Goodnight Mr Tom by Michelle Magorian

‘Goodnight Mr Tom’ tells the story of 8 year old Willie Beech, a evacuee from London, who has been sent for his safety to Little Weirwold, its September 1939 and Great Britain is on the brink of the Second War World. Willie is housed somewhat reluctantly by Tom Oakley, a widower following the untimely death of his wife and son from scarlet fever 40 years before. Tom is known in the village as being rude and not being part of the community, so his life is changed when Willie arrives, a small, terrified, undernourished boy, who thanks to his abusive mother has a very low opinion of himself and believes the lies his mother has told him about people in general.

Willie and Tom (or ‘Mister Tom’ as Willie calls him) connect and learn from each other, Willie learns that there are people that care for him as he develops friendships within the village and finds acceptance at school and his talent for drawing is nurtured and encouraged, Tom learns to open his heart again as he accepts Willie (or ‘William’ or ‘Will’ as he is now called) into his life, and becomes part of the community and somewhat cautiously begins to ask for help in his care of Willie.

What I thought of ‘Goodnight Mr Tom’ ~

I first read ‘Goodnight Mr Tom’ when I was teenager and I decided to read it again when I recently watched the tv adaptation of ‘Goodnight Mr Tom’ with John Thaw as Mr Tom, which I enjoyed. I also enjoyed the book the second time as much as I did the first time, this time around, I am older (and hopefully wiser) and the book meant more to me, especially the development of Willie from a frightened young boy to a happy, healthy and contented boy who has found the love he deserves and sees himself for what he is worth. Tom Oakley is a brilliant character, as with Willie, you see a change, Tom finds himself when Willie enters his life, he has not been responsible for anyone apart from his himself and then his beloved dog, Sam for 40 years but with Willie he becomes the father he never had the chance to be to his own son (who was also named William). A incredibly powerful read about family, friendships, loss and love, a book that shows that strength can be shown in different ways.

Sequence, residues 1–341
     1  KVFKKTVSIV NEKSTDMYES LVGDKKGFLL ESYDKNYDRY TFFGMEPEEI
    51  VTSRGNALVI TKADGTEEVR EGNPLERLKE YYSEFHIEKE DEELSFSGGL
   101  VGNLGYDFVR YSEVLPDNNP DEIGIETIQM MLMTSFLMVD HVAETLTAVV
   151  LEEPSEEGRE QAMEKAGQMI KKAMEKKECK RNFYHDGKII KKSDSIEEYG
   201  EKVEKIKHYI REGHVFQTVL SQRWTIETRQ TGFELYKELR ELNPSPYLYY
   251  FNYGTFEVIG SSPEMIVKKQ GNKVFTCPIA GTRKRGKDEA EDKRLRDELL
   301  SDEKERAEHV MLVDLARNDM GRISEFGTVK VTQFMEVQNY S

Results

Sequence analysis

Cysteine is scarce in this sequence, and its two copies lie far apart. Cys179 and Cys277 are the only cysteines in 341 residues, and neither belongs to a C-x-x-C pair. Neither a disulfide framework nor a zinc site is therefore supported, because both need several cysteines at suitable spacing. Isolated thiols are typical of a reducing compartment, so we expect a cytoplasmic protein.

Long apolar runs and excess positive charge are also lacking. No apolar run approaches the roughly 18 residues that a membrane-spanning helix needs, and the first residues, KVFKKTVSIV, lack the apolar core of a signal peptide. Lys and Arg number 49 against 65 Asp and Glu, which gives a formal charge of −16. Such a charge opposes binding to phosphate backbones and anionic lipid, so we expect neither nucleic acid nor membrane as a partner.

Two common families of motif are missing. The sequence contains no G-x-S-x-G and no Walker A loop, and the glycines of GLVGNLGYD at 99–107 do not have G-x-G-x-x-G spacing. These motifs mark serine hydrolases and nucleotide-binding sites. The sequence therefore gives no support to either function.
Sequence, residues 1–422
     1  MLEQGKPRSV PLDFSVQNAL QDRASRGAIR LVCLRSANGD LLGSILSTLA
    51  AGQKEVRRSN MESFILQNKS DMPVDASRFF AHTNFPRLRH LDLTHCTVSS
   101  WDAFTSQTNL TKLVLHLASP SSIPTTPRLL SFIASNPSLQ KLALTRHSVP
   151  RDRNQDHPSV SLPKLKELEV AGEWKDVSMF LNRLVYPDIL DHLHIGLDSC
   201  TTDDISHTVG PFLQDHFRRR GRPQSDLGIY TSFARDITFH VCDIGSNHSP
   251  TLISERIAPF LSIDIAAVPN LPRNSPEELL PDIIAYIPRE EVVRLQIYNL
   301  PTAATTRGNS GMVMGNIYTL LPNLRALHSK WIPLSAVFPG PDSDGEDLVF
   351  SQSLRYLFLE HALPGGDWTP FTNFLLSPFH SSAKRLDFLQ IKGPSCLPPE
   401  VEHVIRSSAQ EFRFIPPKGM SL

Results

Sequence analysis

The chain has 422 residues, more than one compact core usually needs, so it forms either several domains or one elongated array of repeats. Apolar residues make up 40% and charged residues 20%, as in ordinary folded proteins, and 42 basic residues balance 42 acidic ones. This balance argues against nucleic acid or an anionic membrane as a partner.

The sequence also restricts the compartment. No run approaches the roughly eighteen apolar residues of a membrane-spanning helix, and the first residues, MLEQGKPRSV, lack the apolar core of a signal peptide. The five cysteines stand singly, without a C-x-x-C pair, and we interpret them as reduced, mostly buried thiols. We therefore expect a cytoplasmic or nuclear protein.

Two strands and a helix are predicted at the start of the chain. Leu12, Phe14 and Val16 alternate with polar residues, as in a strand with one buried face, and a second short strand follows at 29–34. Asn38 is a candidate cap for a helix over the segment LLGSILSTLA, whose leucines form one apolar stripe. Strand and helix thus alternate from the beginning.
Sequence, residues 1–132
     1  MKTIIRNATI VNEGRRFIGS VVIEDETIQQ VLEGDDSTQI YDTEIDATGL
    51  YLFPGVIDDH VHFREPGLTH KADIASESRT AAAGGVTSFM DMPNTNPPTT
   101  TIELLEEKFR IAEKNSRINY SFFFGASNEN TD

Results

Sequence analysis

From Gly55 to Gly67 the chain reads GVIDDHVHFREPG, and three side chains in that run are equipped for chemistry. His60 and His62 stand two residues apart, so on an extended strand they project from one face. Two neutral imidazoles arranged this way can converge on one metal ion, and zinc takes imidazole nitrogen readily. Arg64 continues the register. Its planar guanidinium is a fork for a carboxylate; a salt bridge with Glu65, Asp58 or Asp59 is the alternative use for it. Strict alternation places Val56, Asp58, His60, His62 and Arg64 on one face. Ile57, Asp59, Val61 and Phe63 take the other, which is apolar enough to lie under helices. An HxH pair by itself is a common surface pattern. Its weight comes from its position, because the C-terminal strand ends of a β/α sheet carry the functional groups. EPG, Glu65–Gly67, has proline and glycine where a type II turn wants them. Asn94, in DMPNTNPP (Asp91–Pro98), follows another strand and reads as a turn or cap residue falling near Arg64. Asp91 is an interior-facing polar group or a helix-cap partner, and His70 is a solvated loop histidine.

A joy to read, highly recommended.

Rating ~ 10/10

Reviewed by Weave (Paula Mc)

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